Much of the discussion about mitigating the downside revolves on some form of universal basic income that would at a minimum keep people afloat. That grows increasingly important as automation moves beyond replacing manual labour to pretty much every facet of employment, including professionals such as doctors, lawyers and accountants.
We’re already living in a time of flux. Increasingly, good-paying jobs have disappeared, replaced by crappy service jobs. Well, in part. Fact is, across Canada and the U.S., there are fewer real jobs even as the population increases. Where the labour hasn’t been sent offshore, high immigration levels – legal or otherwise – have been used to drive down wages and to provide fodder for our consumer society. The one financed by debt that has, again, reached record levels – Canadians now owe a collective $2 trillion.
Increasingly, those service jobs – crappy and even those that aren’t – that are hyped by those eager to hide the truth from us are at risk through automation. Machines have already displaced many workers, but even jobs in the hospitality industry – waiters, hotel workers, retail clerks – seem destined to be replaced in the shift to automation and robotics. A 2013 Oxford University study, for instance, predicted that machines might be able to perform half of all U.S. jobs in the next two decades …and we’re almost halfway there.
New stories about self-driving cars and trucks are increasingly commonplace, with the corollary that job losses are likely to follow for people currently making a living behind the wheel … and the millions of others in service jobs that cater to such people (restaurants and motels along well-travelled routes, for example).
Driverless technology already exists today, destined to displace jobs such as truckers, cabbies and couriers. Driverless buses and trains will eliminate the need for transit workers, many of them an increasing burden on governments and taxpayers.
Automated transportation, from cars to airplanes, is safer, more efficient and much less costly to operate – computers don’t fall asleep, take bathroom breaks, drink on the job or a host of other human foibles. For all those reasons, driverless is the future of transportation.
This isn’t science fiction anymore. It’s here, and the technology’s spread is inevitable. The same transformation will migrate to many fields. Not just McJobs, but into accounting, medicine, teaching and host of other jobs that now pay well, and are typically considered safe.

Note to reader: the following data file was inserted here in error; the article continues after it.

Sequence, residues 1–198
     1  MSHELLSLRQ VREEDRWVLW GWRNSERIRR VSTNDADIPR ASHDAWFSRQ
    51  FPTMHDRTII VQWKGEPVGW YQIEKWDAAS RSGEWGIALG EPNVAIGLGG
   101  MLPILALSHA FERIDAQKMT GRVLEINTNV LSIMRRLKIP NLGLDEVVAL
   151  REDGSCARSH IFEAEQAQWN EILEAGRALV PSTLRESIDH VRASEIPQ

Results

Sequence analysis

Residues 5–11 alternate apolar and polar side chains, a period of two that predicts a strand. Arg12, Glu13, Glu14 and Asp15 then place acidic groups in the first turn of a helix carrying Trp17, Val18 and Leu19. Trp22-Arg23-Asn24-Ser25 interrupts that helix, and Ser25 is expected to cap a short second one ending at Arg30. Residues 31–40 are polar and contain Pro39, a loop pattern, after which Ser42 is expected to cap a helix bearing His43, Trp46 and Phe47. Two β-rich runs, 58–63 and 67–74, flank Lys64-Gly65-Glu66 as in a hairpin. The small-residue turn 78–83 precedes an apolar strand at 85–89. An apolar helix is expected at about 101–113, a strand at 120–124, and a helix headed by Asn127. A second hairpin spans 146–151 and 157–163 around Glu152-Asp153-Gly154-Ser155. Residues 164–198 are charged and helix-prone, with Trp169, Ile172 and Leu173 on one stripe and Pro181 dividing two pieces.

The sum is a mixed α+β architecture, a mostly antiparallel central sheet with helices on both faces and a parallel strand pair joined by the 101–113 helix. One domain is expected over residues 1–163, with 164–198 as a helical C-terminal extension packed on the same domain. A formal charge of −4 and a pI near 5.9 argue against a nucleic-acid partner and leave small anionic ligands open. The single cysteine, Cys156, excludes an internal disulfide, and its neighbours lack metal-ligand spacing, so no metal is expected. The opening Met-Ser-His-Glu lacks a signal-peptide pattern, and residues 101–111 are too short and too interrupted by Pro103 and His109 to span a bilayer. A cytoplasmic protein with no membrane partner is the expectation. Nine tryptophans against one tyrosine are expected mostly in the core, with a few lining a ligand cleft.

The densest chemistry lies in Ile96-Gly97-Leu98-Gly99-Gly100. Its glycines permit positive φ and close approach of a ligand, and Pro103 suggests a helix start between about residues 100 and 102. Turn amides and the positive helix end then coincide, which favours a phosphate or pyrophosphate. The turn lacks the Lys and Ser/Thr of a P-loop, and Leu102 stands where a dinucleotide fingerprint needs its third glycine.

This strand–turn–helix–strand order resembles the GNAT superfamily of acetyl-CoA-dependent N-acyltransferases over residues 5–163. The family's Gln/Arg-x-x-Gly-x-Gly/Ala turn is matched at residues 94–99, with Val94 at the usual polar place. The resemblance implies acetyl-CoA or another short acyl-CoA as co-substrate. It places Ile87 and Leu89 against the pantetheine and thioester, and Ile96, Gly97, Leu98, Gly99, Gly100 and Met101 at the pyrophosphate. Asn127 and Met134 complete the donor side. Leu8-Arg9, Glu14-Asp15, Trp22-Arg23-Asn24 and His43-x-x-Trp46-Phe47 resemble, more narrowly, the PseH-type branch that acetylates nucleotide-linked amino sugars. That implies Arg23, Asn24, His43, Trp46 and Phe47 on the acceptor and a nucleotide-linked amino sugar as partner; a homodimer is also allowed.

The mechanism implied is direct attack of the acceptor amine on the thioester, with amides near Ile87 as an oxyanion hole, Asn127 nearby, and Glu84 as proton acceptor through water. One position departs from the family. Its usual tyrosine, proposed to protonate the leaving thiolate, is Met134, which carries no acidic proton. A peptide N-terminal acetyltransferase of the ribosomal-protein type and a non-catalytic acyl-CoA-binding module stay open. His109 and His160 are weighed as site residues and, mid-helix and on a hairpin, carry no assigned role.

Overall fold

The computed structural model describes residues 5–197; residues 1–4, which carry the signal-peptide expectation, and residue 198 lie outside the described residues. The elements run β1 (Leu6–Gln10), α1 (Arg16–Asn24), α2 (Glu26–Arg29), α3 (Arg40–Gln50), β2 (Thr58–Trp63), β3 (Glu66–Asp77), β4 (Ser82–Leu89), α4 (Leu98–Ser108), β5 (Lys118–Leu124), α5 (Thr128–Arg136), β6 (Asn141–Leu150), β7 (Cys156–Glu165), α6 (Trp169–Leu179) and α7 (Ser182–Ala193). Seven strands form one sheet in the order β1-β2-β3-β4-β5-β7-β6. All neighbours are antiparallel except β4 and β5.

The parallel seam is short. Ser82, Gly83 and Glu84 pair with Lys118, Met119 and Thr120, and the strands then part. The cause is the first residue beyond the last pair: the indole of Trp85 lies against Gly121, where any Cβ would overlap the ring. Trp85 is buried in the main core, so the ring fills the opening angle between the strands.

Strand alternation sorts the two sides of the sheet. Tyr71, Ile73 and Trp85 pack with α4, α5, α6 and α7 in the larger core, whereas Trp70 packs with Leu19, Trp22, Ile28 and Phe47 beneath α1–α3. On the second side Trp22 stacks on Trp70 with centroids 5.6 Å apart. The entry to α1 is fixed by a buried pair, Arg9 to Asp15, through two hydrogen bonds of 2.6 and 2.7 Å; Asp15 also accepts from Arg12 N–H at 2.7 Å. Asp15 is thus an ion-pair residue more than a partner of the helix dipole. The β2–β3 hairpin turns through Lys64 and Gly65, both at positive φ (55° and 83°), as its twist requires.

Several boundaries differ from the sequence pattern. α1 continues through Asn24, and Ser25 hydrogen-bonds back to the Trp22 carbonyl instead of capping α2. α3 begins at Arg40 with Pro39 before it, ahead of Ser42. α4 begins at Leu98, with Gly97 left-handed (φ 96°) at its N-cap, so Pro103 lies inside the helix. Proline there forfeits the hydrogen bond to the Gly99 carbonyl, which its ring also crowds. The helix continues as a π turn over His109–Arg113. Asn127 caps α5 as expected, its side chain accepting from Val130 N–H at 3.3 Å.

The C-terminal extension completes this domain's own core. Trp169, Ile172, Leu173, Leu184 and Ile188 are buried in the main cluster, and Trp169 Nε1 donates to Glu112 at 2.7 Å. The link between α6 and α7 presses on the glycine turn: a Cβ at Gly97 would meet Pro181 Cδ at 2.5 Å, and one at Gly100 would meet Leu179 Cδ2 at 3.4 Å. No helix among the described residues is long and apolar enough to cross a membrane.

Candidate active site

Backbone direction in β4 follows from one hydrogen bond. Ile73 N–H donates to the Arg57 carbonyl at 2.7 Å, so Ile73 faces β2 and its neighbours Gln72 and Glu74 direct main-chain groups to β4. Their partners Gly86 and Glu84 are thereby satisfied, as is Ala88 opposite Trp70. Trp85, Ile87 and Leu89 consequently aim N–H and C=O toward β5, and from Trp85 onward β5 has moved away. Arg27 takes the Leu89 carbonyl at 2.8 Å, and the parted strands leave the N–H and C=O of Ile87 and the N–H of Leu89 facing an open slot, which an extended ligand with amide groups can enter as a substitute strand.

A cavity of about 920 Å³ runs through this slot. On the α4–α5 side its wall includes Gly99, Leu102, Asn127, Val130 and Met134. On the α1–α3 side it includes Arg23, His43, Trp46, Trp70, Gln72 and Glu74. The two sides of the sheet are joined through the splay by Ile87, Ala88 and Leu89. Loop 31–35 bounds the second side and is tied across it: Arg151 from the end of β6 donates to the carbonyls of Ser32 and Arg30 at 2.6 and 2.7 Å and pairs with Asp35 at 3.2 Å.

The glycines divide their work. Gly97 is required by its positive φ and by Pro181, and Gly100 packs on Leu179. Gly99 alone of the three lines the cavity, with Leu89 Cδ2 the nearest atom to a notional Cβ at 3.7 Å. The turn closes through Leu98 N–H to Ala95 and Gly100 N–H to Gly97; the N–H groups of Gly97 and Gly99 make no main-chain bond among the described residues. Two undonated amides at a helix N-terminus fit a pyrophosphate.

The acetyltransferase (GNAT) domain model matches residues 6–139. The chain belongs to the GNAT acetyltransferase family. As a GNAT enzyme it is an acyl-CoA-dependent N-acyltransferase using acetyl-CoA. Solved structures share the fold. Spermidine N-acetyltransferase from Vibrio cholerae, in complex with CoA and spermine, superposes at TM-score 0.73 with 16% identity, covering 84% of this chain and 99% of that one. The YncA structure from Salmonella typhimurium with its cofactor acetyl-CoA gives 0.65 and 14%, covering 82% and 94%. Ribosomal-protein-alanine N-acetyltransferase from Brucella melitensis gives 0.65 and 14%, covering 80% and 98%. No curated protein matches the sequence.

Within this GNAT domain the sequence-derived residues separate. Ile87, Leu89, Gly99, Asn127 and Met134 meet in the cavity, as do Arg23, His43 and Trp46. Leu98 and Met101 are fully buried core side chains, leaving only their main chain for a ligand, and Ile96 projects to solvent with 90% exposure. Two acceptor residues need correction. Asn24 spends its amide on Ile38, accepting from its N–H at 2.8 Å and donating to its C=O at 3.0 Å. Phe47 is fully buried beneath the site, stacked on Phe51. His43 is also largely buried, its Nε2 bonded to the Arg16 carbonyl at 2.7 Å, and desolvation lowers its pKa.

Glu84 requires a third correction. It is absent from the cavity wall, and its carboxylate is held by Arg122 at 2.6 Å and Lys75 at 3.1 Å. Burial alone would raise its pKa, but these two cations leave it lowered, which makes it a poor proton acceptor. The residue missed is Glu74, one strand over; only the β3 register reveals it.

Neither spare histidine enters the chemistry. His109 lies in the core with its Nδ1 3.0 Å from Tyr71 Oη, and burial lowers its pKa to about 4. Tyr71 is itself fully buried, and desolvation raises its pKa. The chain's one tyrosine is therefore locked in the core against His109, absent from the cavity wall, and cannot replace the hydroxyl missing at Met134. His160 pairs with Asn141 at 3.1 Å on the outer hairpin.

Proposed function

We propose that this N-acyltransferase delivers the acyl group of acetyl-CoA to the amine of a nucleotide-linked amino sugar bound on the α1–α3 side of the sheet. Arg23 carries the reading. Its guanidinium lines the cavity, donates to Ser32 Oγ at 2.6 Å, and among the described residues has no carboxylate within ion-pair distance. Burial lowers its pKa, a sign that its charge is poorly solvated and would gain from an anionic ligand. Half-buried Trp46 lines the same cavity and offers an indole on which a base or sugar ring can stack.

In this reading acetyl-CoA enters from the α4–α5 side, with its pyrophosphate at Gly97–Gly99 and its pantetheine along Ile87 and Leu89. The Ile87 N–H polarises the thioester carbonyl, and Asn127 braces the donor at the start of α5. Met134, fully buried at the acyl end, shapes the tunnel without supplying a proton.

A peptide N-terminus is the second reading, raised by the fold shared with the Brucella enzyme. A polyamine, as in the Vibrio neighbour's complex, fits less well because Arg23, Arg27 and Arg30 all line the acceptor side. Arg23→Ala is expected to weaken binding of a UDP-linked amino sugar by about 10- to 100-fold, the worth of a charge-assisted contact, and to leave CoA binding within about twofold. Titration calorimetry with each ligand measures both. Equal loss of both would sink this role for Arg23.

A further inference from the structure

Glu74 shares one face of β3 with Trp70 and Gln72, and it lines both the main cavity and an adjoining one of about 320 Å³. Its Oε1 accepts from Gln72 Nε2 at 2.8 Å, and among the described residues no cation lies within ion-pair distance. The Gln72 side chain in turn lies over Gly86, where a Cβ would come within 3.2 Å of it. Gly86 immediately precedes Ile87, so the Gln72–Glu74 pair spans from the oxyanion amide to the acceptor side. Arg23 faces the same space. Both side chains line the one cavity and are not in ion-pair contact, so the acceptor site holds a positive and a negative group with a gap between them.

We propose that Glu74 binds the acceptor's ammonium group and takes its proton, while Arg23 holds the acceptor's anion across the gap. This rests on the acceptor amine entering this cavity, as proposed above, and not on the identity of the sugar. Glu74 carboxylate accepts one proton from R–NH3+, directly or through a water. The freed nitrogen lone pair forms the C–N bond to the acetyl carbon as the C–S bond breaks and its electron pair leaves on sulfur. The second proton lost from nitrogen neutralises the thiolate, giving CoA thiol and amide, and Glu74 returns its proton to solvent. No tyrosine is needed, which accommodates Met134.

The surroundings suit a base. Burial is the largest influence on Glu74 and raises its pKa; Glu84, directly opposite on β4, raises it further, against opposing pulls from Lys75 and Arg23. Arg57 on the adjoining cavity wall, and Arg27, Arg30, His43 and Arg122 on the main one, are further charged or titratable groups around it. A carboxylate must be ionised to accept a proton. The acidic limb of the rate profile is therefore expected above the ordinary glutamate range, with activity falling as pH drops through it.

Once upon a time, automation was a panacea that was to lead to a mythical leisure society – the machines would do the work, while we reaped the benefit of reclaimed time to do what we wanted rather than the drudgery of work. As we’ve seen so far, technology has extended workweeks and displaced people from high-paying to lesser jobs. There’s no reason to believe that will change as technology continues to change the way work is done. Which brings us to the idea of a basic income: what becomes of our economy when there are fewer and fewer jobs? In the short term, those at the top of the income scale, including the much-discussed 1%ers, make out like bandits due to reduced costs. But if people don’t have money to spend, who is going to keep the consumer society running? Without some system to share the fruits of the economy, things start to fall apart. First the economy, then the social order.
We’re seeing the instability of the status quo at this very moment. Among the questions to come, the most important is what can we do to change the underlying nature of the economy to avoid repeating today’s experiences. A growing population, living in ever-closer proximity while encroaching on natural areas and wildlife pretty much means the next pandemic is a “when” and not an “if.”
We need to be prepared, which includes getting our collective financial house in order.